Features an analysis of our numbed response to images of horror. This title alters our thinking about the uses and meanings of images, and about the nature of war, the limits of sympathy, and the obligations of conscience.

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Selected Other Writings
Notes on Camp
Against Interpretation
The Aesthetics of Silence
On Photography (Excerpt)

Interviews, Lectures, etc.
John Berger and Susan Sontag: To Tell a Story
On Classical Pornography (Audio)
Susan Sontag Lecture at the San Francisco Public Library
Interview (1995)

Additional Resources:
The Susan Sontag Foundation

Lucy Lippard: Six Years

In Six Years Lucy R. Lippard documents the chaotic network of ideas that has been labeled conceptual art. The book is arranged as an annotated chronology into which is woven a rich collection of original documents—including texts by and taped discussions among and with the artists involved and by Lippard, who has also provided a new preface for this edition. The result is a book with the character of a lively contemporary forum that offers an invaluable record of the thinking of the artists—a historical survey and essential reference book for the period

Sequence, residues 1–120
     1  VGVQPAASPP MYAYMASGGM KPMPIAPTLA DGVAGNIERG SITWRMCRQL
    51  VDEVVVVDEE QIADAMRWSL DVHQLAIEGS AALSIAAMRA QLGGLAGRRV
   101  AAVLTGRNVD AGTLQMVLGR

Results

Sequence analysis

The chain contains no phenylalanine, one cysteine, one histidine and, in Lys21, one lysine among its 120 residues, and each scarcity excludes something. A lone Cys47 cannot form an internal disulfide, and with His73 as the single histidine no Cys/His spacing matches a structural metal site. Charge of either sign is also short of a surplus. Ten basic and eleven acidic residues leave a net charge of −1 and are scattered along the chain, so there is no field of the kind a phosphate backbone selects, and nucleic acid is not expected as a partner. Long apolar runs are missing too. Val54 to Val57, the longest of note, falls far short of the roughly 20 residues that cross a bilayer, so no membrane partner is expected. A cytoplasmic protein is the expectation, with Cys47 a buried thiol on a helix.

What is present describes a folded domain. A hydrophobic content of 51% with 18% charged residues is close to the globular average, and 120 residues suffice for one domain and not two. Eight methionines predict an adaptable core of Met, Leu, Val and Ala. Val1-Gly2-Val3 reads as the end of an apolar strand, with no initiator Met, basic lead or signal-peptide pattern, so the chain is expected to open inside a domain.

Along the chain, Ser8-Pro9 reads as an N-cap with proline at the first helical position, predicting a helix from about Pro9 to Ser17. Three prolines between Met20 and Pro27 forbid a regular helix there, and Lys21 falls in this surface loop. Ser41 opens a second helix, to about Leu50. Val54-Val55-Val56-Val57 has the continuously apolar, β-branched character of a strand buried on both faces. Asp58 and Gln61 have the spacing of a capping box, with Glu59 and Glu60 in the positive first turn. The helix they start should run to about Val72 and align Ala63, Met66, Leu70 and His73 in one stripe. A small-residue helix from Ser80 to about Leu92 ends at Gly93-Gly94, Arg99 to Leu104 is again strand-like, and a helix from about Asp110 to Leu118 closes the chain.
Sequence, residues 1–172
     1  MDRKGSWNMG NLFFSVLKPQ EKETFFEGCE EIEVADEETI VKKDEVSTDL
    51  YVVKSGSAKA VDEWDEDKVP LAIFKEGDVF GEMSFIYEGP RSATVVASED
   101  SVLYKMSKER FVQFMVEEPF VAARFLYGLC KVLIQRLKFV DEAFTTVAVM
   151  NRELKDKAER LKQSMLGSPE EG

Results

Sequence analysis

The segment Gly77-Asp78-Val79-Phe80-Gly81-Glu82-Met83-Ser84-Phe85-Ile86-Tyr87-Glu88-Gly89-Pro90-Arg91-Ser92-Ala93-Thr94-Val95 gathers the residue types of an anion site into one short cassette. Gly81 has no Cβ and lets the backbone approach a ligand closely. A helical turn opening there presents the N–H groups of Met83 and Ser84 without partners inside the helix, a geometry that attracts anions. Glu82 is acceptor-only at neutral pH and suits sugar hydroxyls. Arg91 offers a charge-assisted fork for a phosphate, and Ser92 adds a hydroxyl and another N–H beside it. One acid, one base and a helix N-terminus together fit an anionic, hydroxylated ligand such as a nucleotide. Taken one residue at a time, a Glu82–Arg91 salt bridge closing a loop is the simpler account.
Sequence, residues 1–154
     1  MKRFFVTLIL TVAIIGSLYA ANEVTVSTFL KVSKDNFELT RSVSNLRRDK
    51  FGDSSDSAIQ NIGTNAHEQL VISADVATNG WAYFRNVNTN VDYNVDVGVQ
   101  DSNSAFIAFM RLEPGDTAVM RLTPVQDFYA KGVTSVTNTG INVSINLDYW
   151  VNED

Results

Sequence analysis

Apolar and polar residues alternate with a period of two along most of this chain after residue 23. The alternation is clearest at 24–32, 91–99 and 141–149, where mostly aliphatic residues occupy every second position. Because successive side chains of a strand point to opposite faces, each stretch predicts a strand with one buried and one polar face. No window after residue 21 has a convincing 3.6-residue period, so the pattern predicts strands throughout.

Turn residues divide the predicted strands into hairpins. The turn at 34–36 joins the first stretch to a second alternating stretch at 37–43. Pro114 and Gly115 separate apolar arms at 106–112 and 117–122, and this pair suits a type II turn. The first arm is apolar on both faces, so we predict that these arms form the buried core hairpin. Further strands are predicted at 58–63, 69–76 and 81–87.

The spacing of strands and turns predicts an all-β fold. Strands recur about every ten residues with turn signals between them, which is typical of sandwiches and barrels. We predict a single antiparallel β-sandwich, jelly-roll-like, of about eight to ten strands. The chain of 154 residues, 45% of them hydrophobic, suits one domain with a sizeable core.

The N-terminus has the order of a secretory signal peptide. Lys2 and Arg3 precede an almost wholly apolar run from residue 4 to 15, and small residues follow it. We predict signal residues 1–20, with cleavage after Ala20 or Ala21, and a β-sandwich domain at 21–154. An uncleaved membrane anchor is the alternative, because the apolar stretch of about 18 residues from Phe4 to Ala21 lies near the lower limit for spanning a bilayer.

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PDF: Escape Attempts (excerpt from Six Years)

Other Writings Available as PDF:
Get the Message: A Decade of Social Change
The Lure of the Local
Trojan Horses: Activist Art and Power
Sweeping Exchanges: The Contributions of Feminism to the Art of the 1970s

Selected Lectures:
Ghosts, The Daily News, and Prophecy: Critical Landscape Photography
Changing: On Not Being an Art Critic
Lecture at the New School
Exhibition Histories at the Whitechapel Gallery

Hal Foster: Recodings: Art, Spectacle, Cultural Politics

For the past few decades Hal Foster’s critical gaze has encompassed the increasingly complex machinery of the culture industry. His observations push the boundaries of cultural criticism to establish a vantage point from which the seemingly disparate agendas of artists, patrons, and critics have a telling coherence. Recodings has become the classic “primer in poststructuralist debate” (Village Voice). The essays present a constellation of concerns about the limits and myths of postmodernism, the uses and abuses of historicism, the connections of recent art and architecture with media spectacle and institutional power, and the transformations of the avant garde and of cultural politics generally.

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Other Writings by Hal Foster (selection)
PDF: The Anti-Aesthetic: Essays on Post-Modern Culture
PDF: The Return of the Real
PDF: The ABCs of Contemporary Design
PDF: The Artist as Ethnographer?
PDF: An Archival Impulse
PDF: The Crux of Minimalism
PDF: The Archive Without Museums

Lectures (selection)
Culture Now
Contemporary Art and Mimetic Excess
Architecture and Art: If you Build it Will They Come? (The Future of Museum Architecture)